He said: "People always call me this American Britain; I don't like it! I don't want the public to be against me, I live here! I go over when I have a fight or to train for six weeks, but I'm British, London bred. I couldn't live over there. "When I was a kid I used to look up to the British boxers that went over to America and got big. I always wanted to go and do it but didn't know if I was good enough. "In 2005 I took a trip for a month and held my own. I kept taking trips here and there, it was only when I won my British title eliminator against Alan Bosworth (in 2007) and didn't get my title shot that I said: 'I'm going to go over there and see what I can get, because I wasn't get any love over here.' "I wasn't a standout amateur so I had to do it on my own. I always had the talent but I just needed the break, and when I stopped Bosworth it scared off a lot of the boxers and promoters. But it worked out well because it made me hungrier. "I think what happens with a lot of boxers, whether they are British or European champions, they go off to America or to Germany to challenge and the whole scenery of everyone being against you, some people get like rabbits in the headlights. "When I fought DeMarcus Corley the whole crowd was shouting USA, USA! It won't faze me when I have to do it again." It has not always been plain sailing, however. Growing up in Paddington, Theophane got caught up in criminal activity as a youngster, arrested for armed robbery. 'Treasure' has not forgotten how far he has progressed over the years and claims it is in his nature to learn from mistakes and move forward. "When I was a teenager I got involved in criminal activities, I got arrested for armed robbery and while I was in prison I saw all of these young guys getting locked up for 10-15 years; I just thought it's a waste of life. I got found not-guilty at trial and that was it, I just focused on my boxing," he added. "Where I'm from it was the norm to be like that. "I'm human and I make mistakes but I look to learn from my mistakes and keep going forward. If you look at my boxing career, I lost to Ali Oubaali and then went on to beat the former world champion DeMarcus Corley. I lost to Danny Garcia and then beat the world No3." Indeed, a victory over Delvin Rodriguez last year and beating Lenny Daws for the British title at Wembley Arena means Theophane's stock is rising. Confidence has never been an issue, and a win on Saturday night against Wright could see him take the next step - going on to challenge the elite band at 140lb in the world.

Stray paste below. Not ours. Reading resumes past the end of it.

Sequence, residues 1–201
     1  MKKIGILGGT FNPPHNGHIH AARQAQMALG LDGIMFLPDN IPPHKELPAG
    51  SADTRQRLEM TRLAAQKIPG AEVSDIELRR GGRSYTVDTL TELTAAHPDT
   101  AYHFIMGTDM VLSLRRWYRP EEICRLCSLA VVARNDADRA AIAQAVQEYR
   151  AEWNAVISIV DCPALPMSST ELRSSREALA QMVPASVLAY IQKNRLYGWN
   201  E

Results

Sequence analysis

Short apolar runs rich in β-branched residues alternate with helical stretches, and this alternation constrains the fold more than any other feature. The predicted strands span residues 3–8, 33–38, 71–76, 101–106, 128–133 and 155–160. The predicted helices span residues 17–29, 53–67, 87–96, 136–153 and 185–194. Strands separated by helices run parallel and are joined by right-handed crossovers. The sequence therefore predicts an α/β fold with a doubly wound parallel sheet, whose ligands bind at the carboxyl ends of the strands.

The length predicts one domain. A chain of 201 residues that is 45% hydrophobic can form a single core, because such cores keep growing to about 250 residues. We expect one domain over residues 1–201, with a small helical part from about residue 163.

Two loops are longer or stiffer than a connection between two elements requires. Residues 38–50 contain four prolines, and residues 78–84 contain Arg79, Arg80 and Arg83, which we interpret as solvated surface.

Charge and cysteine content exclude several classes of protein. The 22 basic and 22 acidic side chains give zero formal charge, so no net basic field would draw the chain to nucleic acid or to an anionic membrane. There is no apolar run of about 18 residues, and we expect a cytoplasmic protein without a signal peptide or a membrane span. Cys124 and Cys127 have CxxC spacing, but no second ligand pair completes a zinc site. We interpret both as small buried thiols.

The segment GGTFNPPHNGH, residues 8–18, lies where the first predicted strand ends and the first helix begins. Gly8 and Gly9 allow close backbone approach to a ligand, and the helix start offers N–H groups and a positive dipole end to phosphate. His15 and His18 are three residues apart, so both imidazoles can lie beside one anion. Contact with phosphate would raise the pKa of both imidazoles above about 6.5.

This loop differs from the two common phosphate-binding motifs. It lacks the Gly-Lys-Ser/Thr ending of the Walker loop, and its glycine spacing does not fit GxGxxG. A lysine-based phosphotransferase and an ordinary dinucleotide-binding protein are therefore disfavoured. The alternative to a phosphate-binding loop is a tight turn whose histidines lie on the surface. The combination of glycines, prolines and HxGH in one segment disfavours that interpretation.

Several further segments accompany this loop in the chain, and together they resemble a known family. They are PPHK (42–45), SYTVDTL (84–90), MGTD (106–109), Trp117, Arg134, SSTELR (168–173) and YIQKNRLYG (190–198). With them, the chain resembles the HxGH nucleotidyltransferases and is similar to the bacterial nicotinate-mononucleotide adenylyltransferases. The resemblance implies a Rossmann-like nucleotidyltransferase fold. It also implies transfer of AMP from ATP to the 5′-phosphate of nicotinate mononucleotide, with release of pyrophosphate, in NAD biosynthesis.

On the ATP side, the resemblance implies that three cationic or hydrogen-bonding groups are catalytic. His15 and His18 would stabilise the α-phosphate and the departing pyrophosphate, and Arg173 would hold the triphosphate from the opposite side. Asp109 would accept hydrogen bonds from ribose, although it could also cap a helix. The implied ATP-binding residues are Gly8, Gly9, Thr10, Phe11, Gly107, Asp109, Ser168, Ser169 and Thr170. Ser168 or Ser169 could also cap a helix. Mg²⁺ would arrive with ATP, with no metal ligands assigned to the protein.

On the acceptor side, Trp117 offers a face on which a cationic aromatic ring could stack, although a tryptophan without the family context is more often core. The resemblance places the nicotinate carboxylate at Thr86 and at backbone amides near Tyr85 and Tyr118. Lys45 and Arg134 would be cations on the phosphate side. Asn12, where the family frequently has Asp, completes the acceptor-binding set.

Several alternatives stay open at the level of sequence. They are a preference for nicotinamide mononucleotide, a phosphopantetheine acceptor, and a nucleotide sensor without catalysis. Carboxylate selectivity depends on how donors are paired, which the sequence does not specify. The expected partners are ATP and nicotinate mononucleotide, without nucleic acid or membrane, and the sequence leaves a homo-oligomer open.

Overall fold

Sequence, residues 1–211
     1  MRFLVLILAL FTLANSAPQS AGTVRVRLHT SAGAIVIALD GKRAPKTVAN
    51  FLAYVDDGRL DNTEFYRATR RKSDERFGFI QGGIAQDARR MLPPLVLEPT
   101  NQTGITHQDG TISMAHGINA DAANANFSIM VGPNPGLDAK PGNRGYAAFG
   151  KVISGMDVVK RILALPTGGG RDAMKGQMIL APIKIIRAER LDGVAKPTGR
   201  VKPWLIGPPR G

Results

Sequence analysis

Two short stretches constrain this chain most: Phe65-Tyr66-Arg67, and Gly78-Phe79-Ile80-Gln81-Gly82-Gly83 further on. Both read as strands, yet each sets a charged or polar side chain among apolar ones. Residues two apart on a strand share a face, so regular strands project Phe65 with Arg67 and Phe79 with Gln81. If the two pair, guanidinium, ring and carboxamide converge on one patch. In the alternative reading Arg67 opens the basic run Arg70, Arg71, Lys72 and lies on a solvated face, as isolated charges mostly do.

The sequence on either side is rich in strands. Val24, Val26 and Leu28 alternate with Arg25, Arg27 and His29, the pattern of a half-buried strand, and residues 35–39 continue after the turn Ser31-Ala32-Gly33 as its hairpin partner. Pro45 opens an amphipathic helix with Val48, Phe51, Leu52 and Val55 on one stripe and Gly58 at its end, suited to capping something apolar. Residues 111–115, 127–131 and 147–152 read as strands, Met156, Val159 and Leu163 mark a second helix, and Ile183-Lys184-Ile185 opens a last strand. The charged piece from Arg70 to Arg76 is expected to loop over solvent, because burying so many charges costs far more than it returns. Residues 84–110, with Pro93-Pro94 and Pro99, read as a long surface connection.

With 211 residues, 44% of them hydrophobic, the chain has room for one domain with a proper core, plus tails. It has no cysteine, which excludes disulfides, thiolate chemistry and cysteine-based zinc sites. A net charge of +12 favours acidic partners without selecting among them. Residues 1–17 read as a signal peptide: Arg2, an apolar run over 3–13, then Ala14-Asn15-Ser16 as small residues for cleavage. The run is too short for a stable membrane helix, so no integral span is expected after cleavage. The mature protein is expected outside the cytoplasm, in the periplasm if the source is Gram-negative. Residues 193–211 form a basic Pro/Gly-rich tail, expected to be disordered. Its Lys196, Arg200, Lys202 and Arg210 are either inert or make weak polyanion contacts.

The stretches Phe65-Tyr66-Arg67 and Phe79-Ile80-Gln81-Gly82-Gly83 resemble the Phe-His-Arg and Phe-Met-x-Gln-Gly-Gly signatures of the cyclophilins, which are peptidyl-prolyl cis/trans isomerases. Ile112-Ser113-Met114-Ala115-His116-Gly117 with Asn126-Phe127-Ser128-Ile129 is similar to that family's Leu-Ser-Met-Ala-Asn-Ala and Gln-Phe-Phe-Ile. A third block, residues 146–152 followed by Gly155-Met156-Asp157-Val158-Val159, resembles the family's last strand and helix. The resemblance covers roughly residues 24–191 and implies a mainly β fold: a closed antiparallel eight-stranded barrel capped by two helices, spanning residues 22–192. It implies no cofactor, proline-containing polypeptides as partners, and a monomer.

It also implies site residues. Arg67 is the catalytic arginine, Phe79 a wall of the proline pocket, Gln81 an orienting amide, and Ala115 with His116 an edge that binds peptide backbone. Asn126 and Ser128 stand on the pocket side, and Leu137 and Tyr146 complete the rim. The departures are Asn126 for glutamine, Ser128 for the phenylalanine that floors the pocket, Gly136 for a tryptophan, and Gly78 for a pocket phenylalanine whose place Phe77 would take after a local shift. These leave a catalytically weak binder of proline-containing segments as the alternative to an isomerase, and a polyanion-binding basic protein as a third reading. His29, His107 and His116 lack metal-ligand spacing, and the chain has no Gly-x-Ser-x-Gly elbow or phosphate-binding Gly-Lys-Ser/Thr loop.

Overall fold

Step up
He hopes it will not be long before people are mentioning his name in the same breath as Timothy Bradley and Lamont Peterson, and is certain that he can make the step up to the top table. "You talk to guys in New York and they think I'm there now, they see me sparring with world class guys week-in, week-out," he said. "Because I've taken a year out to win the Lonsdale belt, in 2012 I want to get back on that scene. I was offered a world title eliminator against Lamont Peterson when Victor Cayo got injured but they gave me a week's notice - I couldn't make the weight. I would beat Peterson any day of the week so Amir Khan will beat him easily. "These guys, I'm on a lot of their levels now, I'm just looking forward to Ricky getting me these fights for next year." On the challenge of Wright, whose record stands at 24-6, Theophane said: "I think Nigel is what you would call a good honest pro. He's fit, he comes to win and he has heart but I can't see him giving me any trouble because every time he's stepped up in class he's lost. "I'm in great form, I've had the best camp I've ever had, sparring with top-class opposition, and I'm ready to take him on in his back yard. "I still feel fresh because I haven't had any hard fights. The last time I lost was to Danny Garcia and it was controversial." It is a big night of boxing on Saturday with Britain's Khan fighting Peterson in Washington DC, while Wladimir Klitschko takes on Jean Marc Mormeck. Theophane says he is worthy of a place among the big names: "It's a big night of boxing, you've got Klitschko and you've got Khan on the same night. "If you look at the best pound-for-pound fighters in Britain, I'm up there. The only thing I don't have is the world title, I'm going to get my shot, it's just a matter of when it happens."